__Inheritance
of kernel‑row number__.

__ __

During the months preceding Dr. Emerson's death he had been engaged in summarizing his work of many years on the inheritance of number of kernel rows in maize. It has been possible, with this material available which included some tabulated data and a partly completed manuscript, to go back through the records and construct a fairly complete picture of the results he had obtained. On the basis of the information collected a paper has been written and is being submitted for publication. The substance of the paper is outlined below.

The original material used consisted of thirteen 12‑rowed,
three 10‑rowed and six 8‑rowed inbreds. Even after many generations
of inbreeding each line continued to show variability for row number, e.g.,
among individuals of the 12‑rowed lines there were characteristically
many with 10 and with 14 rows, and somewhat fewer with 8 and 16 rows on the
ear. The lines were tested for homozygosity of row‑number genes by
demonstrating that selection of ears with diverse row numbers as parents had no
differential effect on the mean row number of their progeny. Similar tests were
conducted on F_{1}'s between inbred lines with the same result; namely,
that selection was ineffective.

The thirteen 12‑rowed genotypes were crossed
in all possible combinations to produce 78 F_{1}'s. Of these 76 had
deviations in the plus direction from the mid‑parent value. The average
increment was +0.85 rows. The six 8‑rowed genotypes were also crossed in
all possible combinations to produce 15 F_{1}'s. Of these 10 had
deviations in the plus direction from the mid‑parent value. The average
increment was +0.09 rows. The 8‑ and 12‑rowed genes were then
intercrossed in all possible combinations (except one) to produce 77 F_{1}'s.
Of these 45 deviated from the mid‑parent value in a minus direction. The
average increment was ‑0.15 rows. The deviations, with the possible
exception of the data on 8‑x8‑rowed crosses, were statistically
significant.

A plausible interpretation of these results was considered
to be: (1)

that the 8‑rowed genotypes contained a
preponderance of dominant genes for decreasing row number, that they differed
from each other by relatively few of these genes and that the slight plus increment
of average F_{1} over mid‑parent value could be accounted for by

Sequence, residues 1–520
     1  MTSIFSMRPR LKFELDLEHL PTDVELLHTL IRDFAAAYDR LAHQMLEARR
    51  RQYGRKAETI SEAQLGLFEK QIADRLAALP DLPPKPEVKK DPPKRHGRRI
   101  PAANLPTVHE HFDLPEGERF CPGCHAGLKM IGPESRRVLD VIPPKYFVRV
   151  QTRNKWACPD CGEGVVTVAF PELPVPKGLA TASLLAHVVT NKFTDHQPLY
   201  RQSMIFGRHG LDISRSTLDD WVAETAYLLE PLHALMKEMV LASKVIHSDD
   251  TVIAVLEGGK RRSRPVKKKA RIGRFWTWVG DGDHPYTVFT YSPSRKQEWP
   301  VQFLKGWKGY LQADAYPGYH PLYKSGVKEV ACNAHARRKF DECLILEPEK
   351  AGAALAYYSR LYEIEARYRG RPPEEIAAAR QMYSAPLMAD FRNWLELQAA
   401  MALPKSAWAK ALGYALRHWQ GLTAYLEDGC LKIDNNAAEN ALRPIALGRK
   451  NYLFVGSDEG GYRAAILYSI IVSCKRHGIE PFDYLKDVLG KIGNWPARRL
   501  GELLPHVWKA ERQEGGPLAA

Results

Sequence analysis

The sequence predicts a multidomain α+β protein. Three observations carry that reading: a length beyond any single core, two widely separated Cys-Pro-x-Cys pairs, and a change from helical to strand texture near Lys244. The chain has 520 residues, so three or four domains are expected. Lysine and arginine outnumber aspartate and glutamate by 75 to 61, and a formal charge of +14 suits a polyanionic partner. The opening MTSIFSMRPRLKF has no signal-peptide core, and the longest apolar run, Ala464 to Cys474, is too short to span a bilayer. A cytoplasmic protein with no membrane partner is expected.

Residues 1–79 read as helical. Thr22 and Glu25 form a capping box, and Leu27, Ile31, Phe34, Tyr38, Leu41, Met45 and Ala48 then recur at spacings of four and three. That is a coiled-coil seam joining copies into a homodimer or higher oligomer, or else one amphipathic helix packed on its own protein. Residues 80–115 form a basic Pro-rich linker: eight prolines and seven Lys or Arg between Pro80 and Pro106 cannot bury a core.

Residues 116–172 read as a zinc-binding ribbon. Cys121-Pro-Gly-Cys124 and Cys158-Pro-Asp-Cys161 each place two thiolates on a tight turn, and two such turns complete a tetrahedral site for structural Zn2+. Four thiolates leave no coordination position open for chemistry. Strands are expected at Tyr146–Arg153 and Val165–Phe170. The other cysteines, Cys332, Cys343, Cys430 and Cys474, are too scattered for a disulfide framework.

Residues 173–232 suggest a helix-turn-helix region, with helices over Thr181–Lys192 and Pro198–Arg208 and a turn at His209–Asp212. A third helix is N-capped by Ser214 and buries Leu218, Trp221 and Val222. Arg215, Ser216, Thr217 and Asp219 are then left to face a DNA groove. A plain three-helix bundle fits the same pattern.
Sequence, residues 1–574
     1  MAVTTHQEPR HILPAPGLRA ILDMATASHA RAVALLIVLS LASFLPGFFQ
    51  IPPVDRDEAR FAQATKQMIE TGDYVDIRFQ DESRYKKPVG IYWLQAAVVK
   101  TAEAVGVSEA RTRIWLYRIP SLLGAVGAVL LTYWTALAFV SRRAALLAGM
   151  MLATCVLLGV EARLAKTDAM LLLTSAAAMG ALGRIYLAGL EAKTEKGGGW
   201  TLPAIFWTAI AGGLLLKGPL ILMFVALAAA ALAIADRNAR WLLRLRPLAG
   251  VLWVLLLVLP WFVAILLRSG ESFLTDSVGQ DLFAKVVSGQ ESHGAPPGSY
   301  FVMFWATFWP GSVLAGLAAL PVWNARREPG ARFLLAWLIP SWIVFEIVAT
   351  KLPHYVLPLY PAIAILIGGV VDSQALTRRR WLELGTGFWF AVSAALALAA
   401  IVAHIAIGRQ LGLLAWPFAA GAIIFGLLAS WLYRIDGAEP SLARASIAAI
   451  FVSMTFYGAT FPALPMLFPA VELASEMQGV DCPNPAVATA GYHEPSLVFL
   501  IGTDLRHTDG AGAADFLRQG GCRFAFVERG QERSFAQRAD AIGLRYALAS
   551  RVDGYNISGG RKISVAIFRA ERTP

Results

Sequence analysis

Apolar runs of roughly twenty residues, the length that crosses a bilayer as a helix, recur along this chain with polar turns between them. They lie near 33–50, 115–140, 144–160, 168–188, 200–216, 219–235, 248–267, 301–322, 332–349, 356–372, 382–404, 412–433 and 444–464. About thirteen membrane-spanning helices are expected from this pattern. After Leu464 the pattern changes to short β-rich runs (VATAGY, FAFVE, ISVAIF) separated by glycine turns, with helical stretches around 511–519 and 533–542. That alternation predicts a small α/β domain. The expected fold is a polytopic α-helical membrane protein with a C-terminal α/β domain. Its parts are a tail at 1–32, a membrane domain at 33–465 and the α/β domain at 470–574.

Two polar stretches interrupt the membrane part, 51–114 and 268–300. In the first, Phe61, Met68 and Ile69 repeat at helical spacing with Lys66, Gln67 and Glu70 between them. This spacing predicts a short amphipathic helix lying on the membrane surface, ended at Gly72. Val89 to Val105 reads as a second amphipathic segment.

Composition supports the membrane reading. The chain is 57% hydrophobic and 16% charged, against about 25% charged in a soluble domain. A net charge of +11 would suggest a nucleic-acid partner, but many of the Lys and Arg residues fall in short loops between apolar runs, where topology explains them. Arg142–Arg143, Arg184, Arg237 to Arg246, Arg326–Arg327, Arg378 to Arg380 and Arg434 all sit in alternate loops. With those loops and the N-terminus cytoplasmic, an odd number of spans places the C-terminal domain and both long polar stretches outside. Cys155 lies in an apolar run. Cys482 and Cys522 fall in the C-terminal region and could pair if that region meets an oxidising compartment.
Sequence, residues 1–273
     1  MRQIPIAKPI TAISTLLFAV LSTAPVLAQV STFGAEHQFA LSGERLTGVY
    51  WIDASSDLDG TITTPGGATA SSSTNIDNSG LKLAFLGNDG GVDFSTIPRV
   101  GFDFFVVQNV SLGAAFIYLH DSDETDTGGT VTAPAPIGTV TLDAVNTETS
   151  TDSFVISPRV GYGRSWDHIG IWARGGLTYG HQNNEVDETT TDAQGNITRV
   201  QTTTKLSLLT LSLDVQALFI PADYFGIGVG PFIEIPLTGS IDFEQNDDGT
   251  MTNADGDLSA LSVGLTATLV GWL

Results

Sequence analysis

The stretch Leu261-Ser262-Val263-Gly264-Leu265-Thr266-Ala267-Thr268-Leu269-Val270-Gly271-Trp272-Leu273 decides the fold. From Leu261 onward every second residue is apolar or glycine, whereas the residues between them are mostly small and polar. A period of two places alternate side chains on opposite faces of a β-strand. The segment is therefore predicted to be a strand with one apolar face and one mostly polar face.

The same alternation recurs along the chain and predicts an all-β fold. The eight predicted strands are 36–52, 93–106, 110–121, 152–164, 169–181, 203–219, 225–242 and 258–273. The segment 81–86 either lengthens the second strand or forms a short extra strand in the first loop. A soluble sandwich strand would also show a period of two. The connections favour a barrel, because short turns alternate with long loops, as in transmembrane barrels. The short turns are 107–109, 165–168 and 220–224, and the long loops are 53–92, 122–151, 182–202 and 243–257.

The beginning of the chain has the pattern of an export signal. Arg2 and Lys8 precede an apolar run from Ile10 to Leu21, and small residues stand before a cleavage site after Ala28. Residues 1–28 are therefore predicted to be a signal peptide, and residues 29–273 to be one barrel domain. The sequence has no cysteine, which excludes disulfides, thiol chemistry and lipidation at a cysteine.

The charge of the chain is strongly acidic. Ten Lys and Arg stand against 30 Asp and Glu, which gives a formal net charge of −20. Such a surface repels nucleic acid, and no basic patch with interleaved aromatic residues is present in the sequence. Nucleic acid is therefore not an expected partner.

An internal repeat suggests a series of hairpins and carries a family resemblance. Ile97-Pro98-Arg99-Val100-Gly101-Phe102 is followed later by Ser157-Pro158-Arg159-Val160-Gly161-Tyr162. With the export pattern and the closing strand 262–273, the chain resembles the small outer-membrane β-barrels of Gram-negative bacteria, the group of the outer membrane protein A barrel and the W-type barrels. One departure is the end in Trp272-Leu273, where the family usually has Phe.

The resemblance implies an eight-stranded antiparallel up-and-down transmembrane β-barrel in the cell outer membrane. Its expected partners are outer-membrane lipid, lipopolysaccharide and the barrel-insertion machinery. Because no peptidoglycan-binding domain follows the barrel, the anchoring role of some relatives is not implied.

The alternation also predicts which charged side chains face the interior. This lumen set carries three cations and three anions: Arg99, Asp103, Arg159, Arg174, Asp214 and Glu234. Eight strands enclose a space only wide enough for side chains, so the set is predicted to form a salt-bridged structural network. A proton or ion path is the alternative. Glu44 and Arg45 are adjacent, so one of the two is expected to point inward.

general hybrid vigor of the plant; (2) that the 12‑rowed genotypes
contained a more nearly equal number of dominant plus and minus modifiers for
row number and that the greater plus increment of average F_{1} over
mid‑parent value was due primarily to general hybrid vigor (not as
greatly counteracted by a preponderance of dominant minus modifiers as in the 8‑rowed
lines), and (3) that the average minus deviation of the 8‑x12‑rowed
F_{1}'s from the mid‑parent value could be accounted for by a
preponderance of minus modifiers by which the 8- and 12‑rowed genotypes
were presumed to differ (sufficient in number or magnitude of effect to more
than counteract the influence of hybrid vigor).

In order to determine whether the 12‑rowed
phenotypes differed from each other by genes for row number, segregating
progenies (usually F_{3} to F_{5}) from 66 F_{1}'s (all
possible combinations among 12 of the 13 inbreds) were selected for high and
for low row number. Selection was effective in shifting the mean in at least 63
of these progenies. It was concluded, therefore, that 10 of the inbreds each
differed from the other eleven by genes for row number and the remaining two
could be the same as only one other line. This being the case, it should have
been possible to accumulate additional modifiers in either direction by
selection in progeny derived from crosses involving many lines.

Six extracted lines, each derived from crossing four
original 12‑rowed inbreds together, were developed by inbreeding and
selection for a high number of rows for five generations. The means of these
four‑line derivatives were raised above that possible in selections from
crosses between two lines. Finally, three extracted lines of multiple genotype
origin (each derived from intercrosses involving seven of the 12‑rowed
inbreds) were developed by inbreeding and selection for high row number for
five generations. In the F_{5} generation of these three lines the mode
was raised to 22 kernel rows. It has been possible to show, therefore, that by
hybridization among 12‑rowed phenotypes, recombination and selection,
modifying genes for increasing row number were accumulated so that the
expression of this character was raised from 12 to 22 kernel rows on the ear.

H. H. Smith